Michigan School of Professional Psychology Presentation 3.6.08
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Michigan School of Professional Psychology Presentation 3.6.08

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Providing Culturally Competant Care to Transgender Individuals

Providing Culturally Competant Care to Transgender Individuals

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Michigan School of Professional Psychology Presentation 3.6.08 Michigan School of Professional Psychology Presentation 3.6.08 Presentation Transcript

  • Providing Culturally Competent Care to Transgender Individuals Rachel Crandall LMSW Knoll Larkin MPH
  • Icebreakers
    • Name
    • Location
    • Experience working with the Transgender Community?
    • What information you would like to leave with today?
  • Seminar Overview
    • Terms and Definitions
    • Gender Diversity Activity
    • Myths and Facts
    • Identity, Culture, and Life Cycle Issues
    • Rachel’s Story
    • The Trans Experience and Mental Health
    • Knoll’s Story
    • Barriers to Care
    • Standards of Care and Best Practices
    • Community Resources
    • Making your Practice T Friendly
    • Contracting for Change!
    View slide
  • Terms and Definitions View slide
  • LGBT 101
    • Lesbian : Term used to describe women who experience sexual, emotional, and spiritual connections to other women.
    • Gay : Men who experience sexual, emotional, and spiritual connections to other men.
    • Bisexual/Bi-Attractional : People who experience sexual, emotional, and spiritual connections to people of many genders.
    • Sexual Orientation : An identity which describes one’s emotional, romantic, sexual, affectionate and relational attraction to another person.
  • LGBT 101 Cont.
    • Same Gender Loving: Language commonly use din communities of color to describe same gender attraction.
    • Queer: Inclusive language used to describe people who’s experience may not necessarily be defined by LGB.
    • Ally: Some who commits to personally and publicly advocate for social and political equality for LGBT people.
  • LGBT 101 Cont.
    • Identity vs. Behavior
      • Identity- the “label” one applies to oneself and one’s community of affiliation
      • Behavior -the specific activities the person engages in
  • Gender Explorations
    • Volunteer 
    • What pronouns would you use to describe this person?
    • What physical cues told you about this person’s gender?
    • What non verbal cues told you about this person’s gender?
    • What verbal cues told you about this person’s gender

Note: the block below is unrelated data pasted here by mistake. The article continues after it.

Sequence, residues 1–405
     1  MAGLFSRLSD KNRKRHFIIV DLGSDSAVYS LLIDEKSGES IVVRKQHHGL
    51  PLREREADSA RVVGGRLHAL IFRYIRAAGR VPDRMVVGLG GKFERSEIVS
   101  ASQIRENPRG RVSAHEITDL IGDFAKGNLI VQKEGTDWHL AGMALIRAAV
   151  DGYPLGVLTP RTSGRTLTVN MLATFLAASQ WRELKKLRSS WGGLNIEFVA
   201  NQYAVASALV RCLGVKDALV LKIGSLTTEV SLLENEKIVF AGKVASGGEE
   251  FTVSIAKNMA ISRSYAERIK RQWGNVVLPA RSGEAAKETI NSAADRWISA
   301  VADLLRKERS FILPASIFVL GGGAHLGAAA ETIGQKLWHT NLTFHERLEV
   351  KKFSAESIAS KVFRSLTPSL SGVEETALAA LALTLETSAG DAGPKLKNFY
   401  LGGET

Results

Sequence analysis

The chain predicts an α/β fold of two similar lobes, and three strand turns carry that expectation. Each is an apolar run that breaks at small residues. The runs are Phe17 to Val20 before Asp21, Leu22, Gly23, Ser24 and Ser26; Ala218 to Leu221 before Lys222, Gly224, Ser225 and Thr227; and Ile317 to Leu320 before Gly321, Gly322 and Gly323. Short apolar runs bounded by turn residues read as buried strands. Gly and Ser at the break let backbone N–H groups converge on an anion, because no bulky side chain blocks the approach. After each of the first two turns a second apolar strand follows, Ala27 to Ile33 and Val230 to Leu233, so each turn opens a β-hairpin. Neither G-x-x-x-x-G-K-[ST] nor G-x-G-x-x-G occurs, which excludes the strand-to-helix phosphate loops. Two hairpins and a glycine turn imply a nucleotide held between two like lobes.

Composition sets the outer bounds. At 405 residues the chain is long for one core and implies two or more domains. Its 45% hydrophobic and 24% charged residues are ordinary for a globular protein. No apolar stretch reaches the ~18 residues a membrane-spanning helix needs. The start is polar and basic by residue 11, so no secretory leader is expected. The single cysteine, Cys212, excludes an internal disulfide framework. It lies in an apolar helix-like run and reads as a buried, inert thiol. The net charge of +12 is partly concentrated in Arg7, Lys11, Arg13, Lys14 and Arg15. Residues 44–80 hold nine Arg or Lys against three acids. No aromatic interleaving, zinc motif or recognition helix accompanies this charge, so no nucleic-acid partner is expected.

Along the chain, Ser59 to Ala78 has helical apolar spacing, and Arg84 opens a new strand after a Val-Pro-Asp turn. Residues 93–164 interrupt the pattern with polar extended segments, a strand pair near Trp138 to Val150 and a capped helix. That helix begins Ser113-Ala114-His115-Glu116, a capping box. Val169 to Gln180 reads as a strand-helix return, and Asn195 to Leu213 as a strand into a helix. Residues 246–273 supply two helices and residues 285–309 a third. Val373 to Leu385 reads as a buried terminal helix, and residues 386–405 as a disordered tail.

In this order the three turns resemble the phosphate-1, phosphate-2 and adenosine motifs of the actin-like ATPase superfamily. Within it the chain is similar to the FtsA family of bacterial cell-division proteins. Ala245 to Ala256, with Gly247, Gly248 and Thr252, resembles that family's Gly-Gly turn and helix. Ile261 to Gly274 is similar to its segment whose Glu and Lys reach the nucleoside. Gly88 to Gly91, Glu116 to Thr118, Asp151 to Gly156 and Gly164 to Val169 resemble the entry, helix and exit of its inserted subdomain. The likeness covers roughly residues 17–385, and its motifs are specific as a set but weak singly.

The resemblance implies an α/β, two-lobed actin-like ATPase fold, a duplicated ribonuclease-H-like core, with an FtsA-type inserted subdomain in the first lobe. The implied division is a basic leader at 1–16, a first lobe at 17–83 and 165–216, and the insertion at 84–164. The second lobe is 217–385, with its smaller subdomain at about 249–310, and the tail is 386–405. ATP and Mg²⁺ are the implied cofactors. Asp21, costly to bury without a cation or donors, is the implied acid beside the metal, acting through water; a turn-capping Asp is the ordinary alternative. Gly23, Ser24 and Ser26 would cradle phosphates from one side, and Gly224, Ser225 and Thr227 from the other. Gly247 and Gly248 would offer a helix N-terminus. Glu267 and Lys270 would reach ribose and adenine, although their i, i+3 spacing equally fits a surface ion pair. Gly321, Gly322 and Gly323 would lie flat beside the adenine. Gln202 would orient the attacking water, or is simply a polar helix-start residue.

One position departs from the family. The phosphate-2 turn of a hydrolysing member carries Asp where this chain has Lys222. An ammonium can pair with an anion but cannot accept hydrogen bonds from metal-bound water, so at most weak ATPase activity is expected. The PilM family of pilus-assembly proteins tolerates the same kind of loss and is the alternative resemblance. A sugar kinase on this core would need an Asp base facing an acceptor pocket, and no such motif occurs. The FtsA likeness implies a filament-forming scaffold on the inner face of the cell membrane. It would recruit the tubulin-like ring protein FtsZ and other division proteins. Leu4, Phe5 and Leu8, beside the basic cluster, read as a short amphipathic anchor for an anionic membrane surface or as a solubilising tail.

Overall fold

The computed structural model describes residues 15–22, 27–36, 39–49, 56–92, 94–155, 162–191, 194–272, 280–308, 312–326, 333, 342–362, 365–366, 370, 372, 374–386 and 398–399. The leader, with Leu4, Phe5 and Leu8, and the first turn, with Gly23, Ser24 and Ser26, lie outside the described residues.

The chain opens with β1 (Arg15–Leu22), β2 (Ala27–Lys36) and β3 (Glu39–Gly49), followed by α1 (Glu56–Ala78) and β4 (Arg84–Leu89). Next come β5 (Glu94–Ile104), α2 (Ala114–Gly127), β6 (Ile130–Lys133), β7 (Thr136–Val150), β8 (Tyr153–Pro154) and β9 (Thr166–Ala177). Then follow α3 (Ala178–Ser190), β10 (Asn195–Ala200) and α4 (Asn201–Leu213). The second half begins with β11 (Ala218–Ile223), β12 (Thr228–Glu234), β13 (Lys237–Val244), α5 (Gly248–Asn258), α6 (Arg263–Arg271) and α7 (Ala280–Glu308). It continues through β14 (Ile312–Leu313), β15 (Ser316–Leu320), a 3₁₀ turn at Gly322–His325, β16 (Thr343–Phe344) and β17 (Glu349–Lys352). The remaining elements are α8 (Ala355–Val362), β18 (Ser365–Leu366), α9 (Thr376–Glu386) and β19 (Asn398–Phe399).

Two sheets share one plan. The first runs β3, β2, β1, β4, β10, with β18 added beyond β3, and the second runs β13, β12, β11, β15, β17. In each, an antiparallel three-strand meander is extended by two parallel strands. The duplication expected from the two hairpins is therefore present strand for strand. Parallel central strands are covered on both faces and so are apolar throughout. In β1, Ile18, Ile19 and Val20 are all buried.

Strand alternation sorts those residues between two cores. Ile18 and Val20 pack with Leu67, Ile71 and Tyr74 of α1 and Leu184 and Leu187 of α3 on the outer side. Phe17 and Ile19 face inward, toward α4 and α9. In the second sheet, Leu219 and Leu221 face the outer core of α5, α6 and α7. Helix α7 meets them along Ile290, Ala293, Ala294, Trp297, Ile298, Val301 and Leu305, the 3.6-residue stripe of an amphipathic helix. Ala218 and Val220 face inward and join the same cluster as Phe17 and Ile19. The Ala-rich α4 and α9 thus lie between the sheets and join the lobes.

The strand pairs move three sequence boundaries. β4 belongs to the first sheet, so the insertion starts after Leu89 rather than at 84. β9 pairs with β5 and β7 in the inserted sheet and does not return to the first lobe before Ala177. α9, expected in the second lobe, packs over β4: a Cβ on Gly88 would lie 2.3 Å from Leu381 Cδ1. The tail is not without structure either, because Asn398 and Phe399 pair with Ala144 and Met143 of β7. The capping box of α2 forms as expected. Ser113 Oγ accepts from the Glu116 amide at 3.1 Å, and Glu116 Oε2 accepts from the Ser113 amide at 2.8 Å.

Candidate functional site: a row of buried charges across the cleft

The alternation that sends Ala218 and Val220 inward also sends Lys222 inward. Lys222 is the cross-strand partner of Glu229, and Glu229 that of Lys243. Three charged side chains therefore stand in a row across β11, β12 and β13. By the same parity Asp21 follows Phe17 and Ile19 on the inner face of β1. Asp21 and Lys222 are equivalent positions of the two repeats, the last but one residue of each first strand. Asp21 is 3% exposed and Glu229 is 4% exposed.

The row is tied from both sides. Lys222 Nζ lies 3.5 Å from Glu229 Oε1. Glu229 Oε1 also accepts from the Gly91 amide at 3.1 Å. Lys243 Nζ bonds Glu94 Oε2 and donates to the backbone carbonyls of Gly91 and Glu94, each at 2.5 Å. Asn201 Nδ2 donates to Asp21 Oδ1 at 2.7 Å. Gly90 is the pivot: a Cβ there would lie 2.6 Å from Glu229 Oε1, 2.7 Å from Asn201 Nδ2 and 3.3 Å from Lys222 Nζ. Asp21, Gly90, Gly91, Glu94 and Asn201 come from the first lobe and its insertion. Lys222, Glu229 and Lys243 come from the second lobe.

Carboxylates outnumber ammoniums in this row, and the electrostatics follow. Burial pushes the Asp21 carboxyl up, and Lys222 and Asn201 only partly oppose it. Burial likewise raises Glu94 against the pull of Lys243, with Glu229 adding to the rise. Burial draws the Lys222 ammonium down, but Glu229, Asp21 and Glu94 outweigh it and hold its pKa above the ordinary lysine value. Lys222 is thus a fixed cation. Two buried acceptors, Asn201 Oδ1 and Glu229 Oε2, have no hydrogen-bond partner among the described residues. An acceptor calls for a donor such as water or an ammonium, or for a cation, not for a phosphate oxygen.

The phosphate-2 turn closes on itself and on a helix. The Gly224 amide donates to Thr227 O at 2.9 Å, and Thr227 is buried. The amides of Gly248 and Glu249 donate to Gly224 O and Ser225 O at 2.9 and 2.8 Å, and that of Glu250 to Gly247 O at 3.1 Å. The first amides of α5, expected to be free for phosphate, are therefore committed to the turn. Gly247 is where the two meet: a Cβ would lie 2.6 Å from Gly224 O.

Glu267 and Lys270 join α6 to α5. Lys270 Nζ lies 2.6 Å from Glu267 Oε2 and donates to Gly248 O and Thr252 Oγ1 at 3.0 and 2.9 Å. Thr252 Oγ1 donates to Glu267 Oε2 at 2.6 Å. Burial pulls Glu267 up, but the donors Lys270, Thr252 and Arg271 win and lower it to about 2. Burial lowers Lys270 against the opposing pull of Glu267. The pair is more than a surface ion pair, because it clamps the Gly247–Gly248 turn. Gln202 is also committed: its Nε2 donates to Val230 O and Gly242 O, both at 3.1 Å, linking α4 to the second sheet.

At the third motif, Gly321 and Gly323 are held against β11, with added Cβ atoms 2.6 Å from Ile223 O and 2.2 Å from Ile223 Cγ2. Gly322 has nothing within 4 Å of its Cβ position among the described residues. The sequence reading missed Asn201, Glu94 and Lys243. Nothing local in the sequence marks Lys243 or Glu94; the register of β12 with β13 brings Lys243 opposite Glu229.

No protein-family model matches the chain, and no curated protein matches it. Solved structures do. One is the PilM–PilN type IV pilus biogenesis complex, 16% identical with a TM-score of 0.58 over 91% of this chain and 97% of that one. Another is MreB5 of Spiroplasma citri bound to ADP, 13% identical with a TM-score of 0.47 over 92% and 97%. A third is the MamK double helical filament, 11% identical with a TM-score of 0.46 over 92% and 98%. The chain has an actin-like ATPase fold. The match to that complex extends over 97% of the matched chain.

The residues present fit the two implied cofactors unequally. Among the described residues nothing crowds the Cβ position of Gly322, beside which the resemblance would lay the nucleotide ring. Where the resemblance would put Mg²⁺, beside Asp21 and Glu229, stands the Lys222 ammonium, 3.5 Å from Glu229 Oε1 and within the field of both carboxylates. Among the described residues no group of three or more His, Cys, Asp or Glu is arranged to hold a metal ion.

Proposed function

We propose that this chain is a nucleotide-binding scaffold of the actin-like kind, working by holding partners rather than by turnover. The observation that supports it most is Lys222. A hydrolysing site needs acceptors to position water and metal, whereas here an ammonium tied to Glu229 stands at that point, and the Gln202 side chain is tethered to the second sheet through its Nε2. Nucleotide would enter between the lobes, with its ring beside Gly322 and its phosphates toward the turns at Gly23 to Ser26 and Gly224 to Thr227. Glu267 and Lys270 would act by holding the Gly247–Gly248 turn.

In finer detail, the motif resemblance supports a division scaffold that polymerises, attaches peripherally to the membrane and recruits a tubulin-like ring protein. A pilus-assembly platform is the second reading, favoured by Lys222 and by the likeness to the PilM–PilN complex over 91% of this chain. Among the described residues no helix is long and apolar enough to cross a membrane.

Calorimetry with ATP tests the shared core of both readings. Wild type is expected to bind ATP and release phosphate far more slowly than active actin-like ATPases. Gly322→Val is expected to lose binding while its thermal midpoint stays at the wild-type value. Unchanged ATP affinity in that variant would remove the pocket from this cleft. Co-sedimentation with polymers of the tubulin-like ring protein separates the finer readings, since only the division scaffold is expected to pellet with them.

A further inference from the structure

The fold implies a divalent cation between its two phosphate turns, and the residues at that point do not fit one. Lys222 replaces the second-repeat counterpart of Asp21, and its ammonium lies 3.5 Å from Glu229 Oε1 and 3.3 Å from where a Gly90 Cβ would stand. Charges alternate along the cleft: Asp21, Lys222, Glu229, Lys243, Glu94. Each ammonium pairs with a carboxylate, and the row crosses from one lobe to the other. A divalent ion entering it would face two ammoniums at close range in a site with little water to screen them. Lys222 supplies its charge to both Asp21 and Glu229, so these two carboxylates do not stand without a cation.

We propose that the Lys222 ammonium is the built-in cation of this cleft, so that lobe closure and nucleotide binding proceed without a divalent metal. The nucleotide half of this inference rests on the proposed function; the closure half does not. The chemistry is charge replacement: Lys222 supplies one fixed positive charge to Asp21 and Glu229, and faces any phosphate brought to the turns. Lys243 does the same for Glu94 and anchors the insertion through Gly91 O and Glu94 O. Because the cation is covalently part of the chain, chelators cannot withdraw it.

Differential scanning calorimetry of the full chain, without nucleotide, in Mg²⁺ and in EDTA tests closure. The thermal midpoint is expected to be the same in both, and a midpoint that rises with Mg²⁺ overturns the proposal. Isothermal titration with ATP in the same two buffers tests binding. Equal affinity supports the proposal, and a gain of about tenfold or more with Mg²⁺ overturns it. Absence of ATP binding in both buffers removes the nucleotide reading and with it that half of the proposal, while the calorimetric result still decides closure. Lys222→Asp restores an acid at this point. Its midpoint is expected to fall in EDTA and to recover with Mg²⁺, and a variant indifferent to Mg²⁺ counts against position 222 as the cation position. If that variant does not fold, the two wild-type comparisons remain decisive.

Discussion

• What would it take to see this person as another gender?
  • Gender Terms and Definitions
    • Sex: Male, female, or Intersex, depending on one’s primary sex characteristics.
    • Intersex: People born with an anatomy that someone else decided is not standard for male or female.
    • Gender: Socially and culturally constructed roles ascribed to males and females. These roles, which are learned, changed over time and vary widely within and between cultures as well as from individual to individual.
    • Gender Identity: One's sense of belonging to a particular gender.
    • Gender Expression: the way in which someone conveys gender attributes.
  • Gender Terms and Definitions
    • Drag: Gender performance, often for entertainment purposes.
    • GenderQueer: An individual whose gender identity lies outside the gender binary system of male and female. This individual may be fluid with their gender expression.
    • Gender Neutral Pronouns: and may use gender neutral pronouns (such as *sie, hir, hirs, hirself* or *zie, zir, zirs, zirself*) or choose to use the pronoun closest to the end of the masculine or feminine spectrum they are presenting.
  • Transgender
    • Transgender (TG): individuals who do not conform to gender stereotypes, roles, and expectations. This is referred to as the "umbrella definition” as it covers everyone.
    • Transsexual: A person who identifies as the sex opposite to the one assigned at birth. Folks who identify this way may alter their physical appearance to match their gender identity.
    • Female-to-Male: A person whose sex was assigned as female at birth, but who now identifies as a man. Also known as FTM, F2M or F>M for short.
    • Male-to-Female: A person whose sex was assigned as male at birth, but who now identifies as a woman. Also known as MTF, M2F, or M>F for short.
  • Common language: Summary (cont.)
    • Preferred vs. Other Terms
        • Lesbian, Gay, Bisexual Homosexual
        • Partner Lover/Roommate
        • Sexual orientation Sexual preference
        • Crossdresser Transvestite
        • Transgender Transsexual
        • Intersex Hermaphrodite
    • WHEN IN DOUBT… ASK!
    • Words/Phrases Often Used “Within” the Community
    • Dyke, Queer, Family, In the Life, Tranny
    T4:8
  • Using Language: Summary
    • One way to demonstrate inclusiveness in a healthcare setting is through use of language.
    • Use terms preferred by your patients. These may be different for each person, regionally or generationally based.
    T4:7
  • Appropriate Ways to Ask About Gender Identity (created by Affirmations Trans Youth Group-Jan 2007)
    • Ask on a need-to-know basis
    • If feasible, only ask about pronouns
    • Ask the person-not those around you
    • Until you find an appropriate time and place to ask someone about pronoun preference, try to use gender neutral pronouns, or no pronouns at all.
    • *Sample Inquiry* Do you have a pronoun preference
  • Inappropriate Ways to Ask About Gender Identity
    • Are you a boy or a girl?
    • Do you pee standing up
    • Don’t ask questions about genitalia
    • Don’t label someone who hasn’t first labeled themselves
    • Don’t ask someone if they were “born as a boy or a girl”
    • No asking someone what their “birth name” is
    • Don’t be nosey
  • Myths and Facts
  • Myths/Facts About Transgender Identity
    • MYTH: All transgender individuals want or have had sex reassignment surgery.
    • FACT: Actual or desired surgical status is separate from one’s gender identity. Some transgender individuals feel “complete” once they have had surgery, while others opt to not have surgery because of limited funds and/or lack of medical insurance coverage, medical complications, or because they are dissatisfied with current technological limitations.